MemUsage = 126, NPlans = 1, ExecTime(s) = 20, Rows Processed = 261375

      ASE Adaptive Server Enterprise/15.7/EBF 21708 SMP SP110 /P/x86_64/Enterprise Linux/ase157sp11x/3546/64-bit/FBO/Fri Nov  8 05:39:38

      2013:  MemUsage = 126, NPlans = 1, ExecTime(s) = 40, Rows Processed = 261375

      ASE Adaptive Server Enterprise/16.0 SP02 PL01/EBF 25184 SMP/P/x86_64/Enterprise Linux/ase160sp02pl00/2424/64-bit/FBO/Thu Sep 17

      22:46:42 2015:  MemUsage = 166, NPlans = 1, ExecTime(s) = 41, Rows Processed = 261375

      Maybe we need to compare config files, traceflags, etc.

      • I'd suggest checking whether it might relate to streamlined dynamic SQL, one of the features of that is the grabbing of lava execution contexts at compile time, this effects any SQL, not just statement cache. It might be something in that area going awry maybe.

        • fair enough.  I enabled "streamlined dynamic SQL", rebooted, and:

          ASE Adaptive Server Enterprise/16.0 SP02 PL01/EBF 25184 SMP/P/x86_64/Enterprise Linux/ase160sp02pl00/2424/64-bit/FBO/Thu Sep 17

          22:46:42 2015:  MemUsage = 182, NPlans = 1, ExecTime(s) = 36, Rows Processed = 261375

    • AIX : Got results similar to Kevin and Mike

      ASE 15.5

      ASE 15500:  MemUsage = 110, NPlans = 1, ExecTime(s) = 13, Rows Processed = 145321

      ASE 15500:  MemUsage = 110, NPlans = 1, ExecTime(s) = 12, Rows Processed = 145321

      ASE 16.0

      ASE 16000:  MemUsage = 166, NPlans = 1, ExecTime(s) = 16, Rows Processed = 104218

      ASE 16000:  MemUsage = 166, NPlans = 1, ExecTime(s) = 15, Rows Processed = 104218


  • Thanks all for testing. 

    So far only my Solaris boxes exhibit this phenomenon (no streamlined or statement cache for me either).  My ASE config is not something special + the 15.0.3 - 16.0.x tests done here were performed on ASEs "identically" configured on server config level (+/- since there are features not available in the earlier version).

    Unfortunately I do not have large ASE installation on a platform other than Solaris to test.

    I am installing the latest Solaris version to verify & then will move to strip cfg to basics (memory size configs) and retest.

    There is a P1 case open on this - let's see what we get from that corner.

    Thanks again for contributing to the investigation.

  • The culprit found.

    What causes this behaviour is - turning auditing on.

    Could you possibly test it on your releases? you were right on something in config driving it - might have spared me time testing 🙂

    ...on the positive side - I can't be advised to upgrade to the latest release for fix - it's not there....

    -> auditing should be turned on

    -> login used to execute the proc should have turned auditing on for all activity it does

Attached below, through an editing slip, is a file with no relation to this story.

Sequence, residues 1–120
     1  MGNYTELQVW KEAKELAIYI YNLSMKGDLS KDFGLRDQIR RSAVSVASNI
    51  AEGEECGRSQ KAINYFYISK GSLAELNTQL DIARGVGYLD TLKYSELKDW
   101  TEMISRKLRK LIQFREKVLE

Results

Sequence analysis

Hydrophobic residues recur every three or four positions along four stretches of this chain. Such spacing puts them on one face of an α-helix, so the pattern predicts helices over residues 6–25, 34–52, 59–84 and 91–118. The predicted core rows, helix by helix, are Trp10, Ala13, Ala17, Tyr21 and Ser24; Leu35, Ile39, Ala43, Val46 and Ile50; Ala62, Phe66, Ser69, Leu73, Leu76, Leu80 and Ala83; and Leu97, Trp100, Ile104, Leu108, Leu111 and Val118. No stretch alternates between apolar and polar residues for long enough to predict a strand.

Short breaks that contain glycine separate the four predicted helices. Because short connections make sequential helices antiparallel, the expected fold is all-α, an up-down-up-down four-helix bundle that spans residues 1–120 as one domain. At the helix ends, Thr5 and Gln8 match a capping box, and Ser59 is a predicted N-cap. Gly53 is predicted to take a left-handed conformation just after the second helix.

• So is there a bug here? Or is this still just an investigation that might lead to a conclusion that all is well?

      If there is a bug related to excessive (unnecessary) proc cache usage then please let us know what audit option causes it, what version(s) it effects and whether it can be avoided.

      • There is a bug.  It affects all of the ASE 16.0.x.x releases.  The only option so far is to turn off auditing for the login executing the cursor.  I did not investigate further which particular auditing option triggered this - the login is configured to audit all activity.  I could test only the Solaris code line.  Not sure about other platforms.

  • Hey ho.  we've got our response from TSE and guess what:  this is SAID to be expected behaviour.   ASE 15.7/16 will gobble all proc cache however large it is if there is a procedure executing a cursor and someone has been foolish enough to audit this procedure activity. 

    Hm.  I don;t know about you - to me this sounds - if not a bug, something that the engineering has completely missed out. 

    1. 15.0.x - somehow auditing same procedure does not blow up procedure cache (however inane the request to audit procedures that run cursors is).

    2. 15.7/16.x - auditing of simplistic procedure is EXPECTED to eat up gigabytes of procedure cache.  Remedy?  Increase the proc cache or turn off auditing.

    Seriously?  I'd whip someone that claims this behaviour to be "expected."  Expected by whom?  You have a simple condition to bring down ASE and it is expected??? 

    Pinch me for it seems to me I'm dreaming.

    Anyone can nag TS to reconsider this and FIX IT (lodged under case 191421/2016).


  • There appears to be a workaround for this PC thrashing:  if the auditing for a login is set using sp_audit cmdtext, {login}, 'all','on' rather than sp_audit 'all',{login},'all','on' the memory usage by the proc stays fixed on low KBs rather than growing into GBs (thanks to Jeff for suggesting to test it).